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Home → March, 2018

Monthly Archives: March 2018 − News & Stories


140 flats in Lon­gye­ar­by­en must give way to avalan­che pro­tec­tion

Exten­si­ve avalan­che pro­tec­tion mea­su­res are likely to chan­ge Longyearbyen’s city­scape over the next few years. This was the result of a stu­dy publis­hed by the NVE (Nor­we­gi­an Water Resour­ces and Ener­gy Direc­to­ra­te) in mid-March. The­re­af­ter, the buil­dings in the eas­tern part of Lon­gye­ar­by­en are clas­si­fied as much more end­an­ge­red than pre­vious­ly assu­med.

Avalanche danger zones

Avalan­che dan­ger zones mark the pos­si­bi­li­ties of an avalan­che once in 100 years (red zone), once in 1000 years (oran­ge zone) and once in 5000 years (yel­low zone).
Pic­tu­re: NVE

Accord­ing to the NVE report, the dan­ger zone reaches almost to the cen­ter, so that a num­ber of houses with a total of around 140 flats may need to be demo­lis­hed. As a pro­tec­ti­ve mea­su­re, it is recom­men­ded to build a 10 to 15 meter high bar­ri­er. Whe­re exact­ly the bar­rie­re should stand and which houses are affec­ted in detail by the demo­li­ti­on, is still unclear. The bar­rie­re will pro­bab­ly extend across way 230 and 228 to Hil­mar Reks­tens Vei.

In addi­ti­on, at the foot of Mount Suker­top­pen, several “bra­ke cones” are to be instal­led, which can redu­ce the ener­gy of an avalan­che. The “bra­ke cones” should each be ten meters wide and eight meters high. Tog­e­ther with the con­struc­tion of new houses as well as a plan­ned pro­tec­tion against muds­li­des from Vann­led­nings­da­len, the con­struc­tion work will pro­bab­ly cost at least 100 mil­li­on Nor­we­gi­an kro­ner (about 10 mil­li­on Euros). The­se mea­su­res should be imple­men­ted wit­hin the next three years.

In recent years, several houses in Lon­gye­ar­by­en have been hit by avalan­ches. In Decem­ber 2015, a cata­stro­phic avalan­che from Mount Suk­ker­top­pen hit 11 buil­dings. A 42-year-old father and a two-year-old girl died. The dis­as­ter had a huge impact on the inha­bi­tants of Lon­gye­ar­by­en and for­ced aut­ho­ri­ties and poli­tics to act, but reac­tions on the various poli­ti­cal levels from Lon­gye­ar­by­en to Oslo are slow. This is frus­tra­ting peop­le local­ly, who have to live with mon­th-long evacua­tions.

Avalanche 19.12.2015

In the avalan­che dis­as­ter on 19.12.2015 houses were moved up to 80 meters.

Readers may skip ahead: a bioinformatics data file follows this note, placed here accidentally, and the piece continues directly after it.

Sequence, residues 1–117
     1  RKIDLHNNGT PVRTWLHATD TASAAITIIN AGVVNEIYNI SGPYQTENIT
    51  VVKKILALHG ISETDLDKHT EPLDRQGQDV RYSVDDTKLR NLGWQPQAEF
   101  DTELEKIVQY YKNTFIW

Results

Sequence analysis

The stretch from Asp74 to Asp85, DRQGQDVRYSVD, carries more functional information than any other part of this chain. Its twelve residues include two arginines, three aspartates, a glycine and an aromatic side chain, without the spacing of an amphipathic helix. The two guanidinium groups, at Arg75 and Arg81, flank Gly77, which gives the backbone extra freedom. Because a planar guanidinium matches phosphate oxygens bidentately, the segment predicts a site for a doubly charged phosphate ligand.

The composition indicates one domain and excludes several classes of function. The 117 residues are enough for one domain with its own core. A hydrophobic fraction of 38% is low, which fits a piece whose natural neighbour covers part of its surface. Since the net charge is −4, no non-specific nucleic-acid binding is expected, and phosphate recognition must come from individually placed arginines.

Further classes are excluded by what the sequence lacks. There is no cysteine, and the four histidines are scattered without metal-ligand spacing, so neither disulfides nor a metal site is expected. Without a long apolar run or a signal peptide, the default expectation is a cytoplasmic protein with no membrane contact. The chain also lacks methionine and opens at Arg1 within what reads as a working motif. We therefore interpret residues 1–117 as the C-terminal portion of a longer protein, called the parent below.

Source: Sval­bard­pos­ten, NVE

New Spits­ber­gen post­cards out now (limi­ted edi­ti­on)!

Lon­ging for the Arc­tic? Or final­ly wan­ting to rea­li­ze the dream of a trip to Spits­ber­gen? Then it’s time to con­vin­ce a friend of a trip to Spits­ber­gen, pre­fer­a­b­ly with a post­card that real­ly awa­kens the lon­ging for the Arc­tic. A polar bear mother play­ing with her cub, a yaw­ning Arc­tic fox and, of cour­se, fasci­na­ting land­s­capes of ice and rocks – and even more gre­at pic­tures on the twel­ve new Spits­ber­gen post­cards.
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Spitzbergen-Postkarten

New limi­ted edi­ti­on of Spits­ber­gen-post­cards

Remains of cos­me­tics found in fish

Rese­ar­chers from Trom­sø have found sil­o­xa­nes in the liver of fish caught off Spits­ber­gen. Sil­o­xa­nes are com­pon­ents in sili­co­ne pro­ducts and are used to make cos­me­tics smooth and sup­ple. Sil­o­xa­nes are found in almost all cos­me­tics and skin­ca­re pro­ducts. When washing or sho­we­ring sil­o­xa­nes get into the water cir­cle and even­tual­ly end up in the sea.
Even for humans, the­se sub­s­tan­ces can be dan­ge­rous. Stu­dies indi­ca­te that the D4 vari­ant of sil­o­xa­ne may affect fer­ti­li­ty.

Sources: NRK, Umwelt­bun­des­amt

Sun fes­ti­val in Lon­gye­ar­by­en, new pla­nes for Sveagru­va and the tra­vel­blog soon to con­ti­nue in Pata­go­nia

The return of the sun to Lon­gye­ar­by­en (sol­fest = sun fes­ti­val) was cele­bra­ted on Thurs­day (08 March) in good tra­di­ti­on. On this day, the sun returns to Lognye­ar­by­en after several mon­ths of polar night. Just for a few moments and only if the wea­ther is good, but that is enough rea­son to cele­bra­te with several days of cul­tu­ral events. This time, the­re was not a cloud on the sky, so ever­y­bo­dy could enjoy the rays of the sun on the skin!

Sun festival Longyearbyen

Sun fes­ti­val in Lon­gye­ar­by­en

Mean­while, some “old boys” around Robert Her­man­sen, for­mer boss of the mining com­pa­ny Store Nor­ske, try to come up with a plan to put the alrea­dy aban­do­ned coal mine sett­le­ment of Sveagru­va back to life and work. Poli­ti­ci­ans have alrea­dy said that they don’t appre­cia­te such plans. For sure, the­re will be a lot of tal­king still about Sveagru­va in the future.